THE ATTIC

HARD TIMES TOKEN
Edwin Parmele 1812-1852
Jeremiah, Joseph, Timothy, Joshua, John, John

 

 

This brass token with the bust of a jolly imbiber was issued by Edwin, the owner of a bowling saloon at Pearl and Dover streets in New York City between 1834 and '39. Privately made hard-times tokens such as this one were struck between 1833 and '43 as unofficial currency during the political and financial upheaval that preceded The Panic of 1837 and the seven-year recession that followed. The token is the size of the "large cent" piece of the time -- 1 1/8 inches in diameter. These coins were replaced by our present-day size pennies in 1857.

Edwin was probably born in Guilford, Conn. His father, Jeremiah, and brother Horatio -- both cabinetmakers -- also lived in New York City, and the family had strong ties on both sides of Long Island Sound. Edwin's mother, Helen, was the daughter of Jonathan and Hannah Vail. The Vails fled Long Island for Guilford in 1775 during the Revolution, and he, being a ship captain, transported other Long Island refugees across the sound throughout the war.

Edwin's first mention in New York comes in the 1823 city directory at Bowery Cottage, the storied establishment at 298 Bowery that he would later own.

A decade later he was in the Third War, at 13 Park, where the New York Man reported the city's journeymen tailors gathered June 23, 1835, to seeking a return to uniform prices that had been abandoned by their employers.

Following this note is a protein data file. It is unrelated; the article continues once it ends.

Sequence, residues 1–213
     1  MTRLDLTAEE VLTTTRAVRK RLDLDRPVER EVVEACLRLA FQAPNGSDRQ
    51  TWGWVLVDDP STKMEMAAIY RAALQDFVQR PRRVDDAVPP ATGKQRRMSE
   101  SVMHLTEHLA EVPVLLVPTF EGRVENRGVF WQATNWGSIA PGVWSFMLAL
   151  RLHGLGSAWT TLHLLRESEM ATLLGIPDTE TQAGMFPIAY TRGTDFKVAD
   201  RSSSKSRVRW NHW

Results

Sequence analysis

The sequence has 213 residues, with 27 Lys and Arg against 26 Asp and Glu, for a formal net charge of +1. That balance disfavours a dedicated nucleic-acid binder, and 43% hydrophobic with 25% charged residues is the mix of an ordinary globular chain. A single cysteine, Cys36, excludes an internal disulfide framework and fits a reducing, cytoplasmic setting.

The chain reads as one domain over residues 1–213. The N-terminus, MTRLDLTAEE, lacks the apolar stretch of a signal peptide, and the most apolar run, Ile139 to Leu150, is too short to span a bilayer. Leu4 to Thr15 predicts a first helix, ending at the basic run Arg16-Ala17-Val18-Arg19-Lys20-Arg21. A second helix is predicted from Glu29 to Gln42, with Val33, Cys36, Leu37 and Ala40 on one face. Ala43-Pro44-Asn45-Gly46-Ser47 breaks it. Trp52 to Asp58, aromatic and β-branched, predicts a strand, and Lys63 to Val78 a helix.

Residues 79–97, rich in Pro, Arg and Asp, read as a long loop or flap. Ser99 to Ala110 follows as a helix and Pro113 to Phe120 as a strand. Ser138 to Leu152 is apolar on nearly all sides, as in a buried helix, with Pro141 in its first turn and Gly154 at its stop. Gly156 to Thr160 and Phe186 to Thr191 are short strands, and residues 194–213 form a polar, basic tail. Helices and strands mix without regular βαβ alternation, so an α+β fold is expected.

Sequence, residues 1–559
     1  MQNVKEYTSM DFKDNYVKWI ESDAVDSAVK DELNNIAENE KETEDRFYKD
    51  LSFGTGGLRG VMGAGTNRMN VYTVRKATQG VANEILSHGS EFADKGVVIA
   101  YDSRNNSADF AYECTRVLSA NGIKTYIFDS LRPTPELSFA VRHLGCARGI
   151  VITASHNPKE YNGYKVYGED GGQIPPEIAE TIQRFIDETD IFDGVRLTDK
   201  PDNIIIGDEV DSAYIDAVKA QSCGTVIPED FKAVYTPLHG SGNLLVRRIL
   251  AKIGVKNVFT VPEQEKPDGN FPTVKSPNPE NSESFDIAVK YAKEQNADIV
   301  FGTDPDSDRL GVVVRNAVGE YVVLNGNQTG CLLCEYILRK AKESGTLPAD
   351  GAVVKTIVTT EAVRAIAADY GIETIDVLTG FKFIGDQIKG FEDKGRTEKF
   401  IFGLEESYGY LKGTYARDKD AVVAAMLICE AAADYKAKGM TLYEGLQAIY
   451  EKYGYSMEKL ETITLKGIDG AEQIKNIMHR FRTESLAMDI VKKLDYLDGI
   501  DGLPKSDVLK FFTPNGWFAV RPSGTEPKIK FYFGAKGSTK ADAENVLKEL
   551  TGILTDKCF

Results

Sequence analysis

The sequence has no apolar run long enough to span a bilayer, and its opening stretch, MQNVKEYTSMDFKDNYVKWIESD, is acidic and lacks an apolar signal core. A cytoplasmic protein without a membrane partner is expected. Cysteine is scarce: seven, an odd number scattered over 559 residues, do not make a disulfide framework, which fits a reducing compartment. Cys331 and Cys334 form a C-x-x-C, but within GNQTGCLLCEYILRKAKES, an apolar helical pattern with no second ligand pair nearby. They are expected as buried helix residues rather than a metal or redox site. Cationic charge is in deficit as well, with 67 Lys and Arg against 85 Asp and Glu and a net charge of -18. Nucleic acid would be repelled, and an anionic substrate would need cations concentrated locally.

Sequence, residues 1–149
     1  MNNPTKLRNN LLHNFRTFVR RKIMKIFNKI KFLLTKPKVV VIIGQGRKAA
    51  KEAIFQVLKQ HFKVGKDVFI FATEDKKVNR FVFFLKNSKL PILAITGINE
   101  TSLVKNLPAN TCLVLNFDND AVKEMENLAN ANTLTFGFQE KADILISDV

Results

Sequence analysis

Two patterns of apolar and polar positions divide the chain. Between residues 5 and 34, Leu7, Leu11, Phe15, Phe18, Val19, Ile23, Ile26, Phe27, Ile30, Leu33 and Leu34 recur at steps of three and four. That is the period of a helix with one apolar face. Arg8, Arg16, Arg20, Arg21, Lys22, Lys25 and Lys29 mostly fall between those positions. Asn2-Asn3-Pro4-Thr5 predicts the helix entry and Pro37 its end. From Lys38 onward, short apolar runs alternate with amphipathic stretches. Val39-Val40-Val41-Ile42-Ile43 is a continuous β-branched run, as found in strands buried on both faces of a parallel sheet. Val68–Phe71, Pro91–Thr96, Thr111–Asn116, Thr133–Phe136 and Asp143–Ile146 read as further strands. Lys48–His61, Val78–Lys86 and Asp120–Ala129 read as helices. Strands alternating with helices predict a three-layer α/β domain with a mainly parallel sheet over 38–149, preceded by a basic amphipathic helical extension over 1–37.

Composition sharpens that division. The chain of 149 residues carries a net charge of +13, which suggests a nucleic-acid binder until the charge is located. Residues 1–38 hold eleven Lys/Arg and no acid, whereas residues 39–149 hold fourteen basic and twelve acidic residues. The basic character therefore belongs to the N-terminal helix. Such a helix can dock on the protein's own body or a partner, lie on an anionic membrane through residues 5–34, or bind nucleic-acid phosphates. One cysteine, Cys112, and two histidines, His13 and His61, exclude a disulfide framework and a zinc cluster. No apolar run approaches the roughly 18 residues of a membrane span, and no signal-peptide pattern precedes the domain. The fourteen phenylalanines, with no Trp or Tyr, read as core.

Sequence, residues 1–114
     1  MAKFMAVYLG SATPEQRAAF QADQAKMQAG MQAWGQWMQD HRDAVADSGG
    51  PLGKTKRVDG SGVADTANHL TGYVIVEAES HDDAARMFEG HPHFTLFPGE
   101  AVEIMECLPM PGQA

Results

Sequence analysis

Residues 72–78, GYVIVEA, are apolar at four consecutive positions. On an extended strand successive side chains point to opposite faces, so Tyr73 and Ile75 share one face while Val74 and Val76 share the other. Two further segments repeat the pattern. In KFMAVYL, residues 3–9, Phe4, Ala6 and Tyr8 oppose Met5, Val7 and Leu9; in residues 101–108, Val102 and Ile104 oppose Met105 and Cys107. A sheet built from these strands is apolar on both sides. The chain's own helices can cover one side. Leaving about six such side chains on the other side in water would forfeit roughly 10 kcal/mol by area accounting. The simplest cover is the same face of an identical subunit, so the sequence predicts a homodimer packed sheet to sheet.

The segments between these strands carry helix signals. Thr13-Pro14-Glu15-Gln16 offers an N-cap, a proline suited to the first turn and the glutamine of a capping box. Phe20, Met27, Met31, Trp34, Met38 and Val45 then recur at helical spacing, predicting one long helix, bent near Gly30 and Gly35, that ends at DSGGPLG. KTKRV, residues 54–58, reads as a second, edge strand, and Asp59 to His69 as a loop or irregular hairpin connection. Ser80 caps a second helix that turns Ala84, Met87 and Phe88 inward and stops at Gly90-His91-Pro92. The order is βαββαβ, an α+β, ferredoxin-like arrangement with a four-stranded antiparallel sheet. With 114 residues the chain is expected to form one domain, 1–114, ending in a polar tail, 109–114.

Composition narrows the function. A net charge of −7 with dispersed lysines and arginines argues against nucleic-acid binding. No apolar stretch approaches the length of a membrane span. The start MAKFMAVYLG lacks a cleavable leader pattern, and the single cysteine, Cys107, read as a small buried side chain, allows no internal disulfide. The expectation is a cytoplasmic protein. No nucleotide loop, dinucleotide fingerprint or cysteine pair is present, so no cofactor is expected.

Two weeks later, on July 5, his home was the target of a gang of English thieves. The New York Spectator of July, 16, 1835, left, reports that "plate," or silver, valued at $384 -- quite a haul back in the day -- was stolen. The Aug. 21, 1835, edition of the New-York American for the Country reported that Smith, Johnson and Bailey were sentenced to 10 to 11 years in state prison and hard labor, and Showler was given time to substantiate his claim that he'd struck a deal with police and prosecutors before being sentenced.

Edwin and Catherine A. Fine were married Aug. 19, 1835, at the Second Reformed Dutch Church in Somerville, N.J., by Pastor Charles Whitehead.* Catherine sued him for divorce per this clipping from the Nov. 24, 1846, Schenectady, N.Y., Cabinet; she would later marry Peter E. Covert in Somerset County, N.Y., on New Year's Day 1851.

The 1836 and '37 New York City directories have Edwin operating the Pearl Street bowling saloon. Directories from 1839 through '42 show that he'd moved on to helming the fabled Bowery Cottage; the 1840 edition also gives their residence as 7 Bleeker St.

The Springfield (Mass.) Republican of Sept. 6, 1852, ran a death notice for Edwin Parmelee who departed Guilford "on Saturday [a] week [ago]," which would have been Aug. 28. He died sometime before the boat reached Long Island on Aug. 31 a the age of 40.

As far as I can tell, Edwin and Catherine had no children.

* Pastor Whitehead recorded Edwin's name as Edward.


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Updated June 11, 2020

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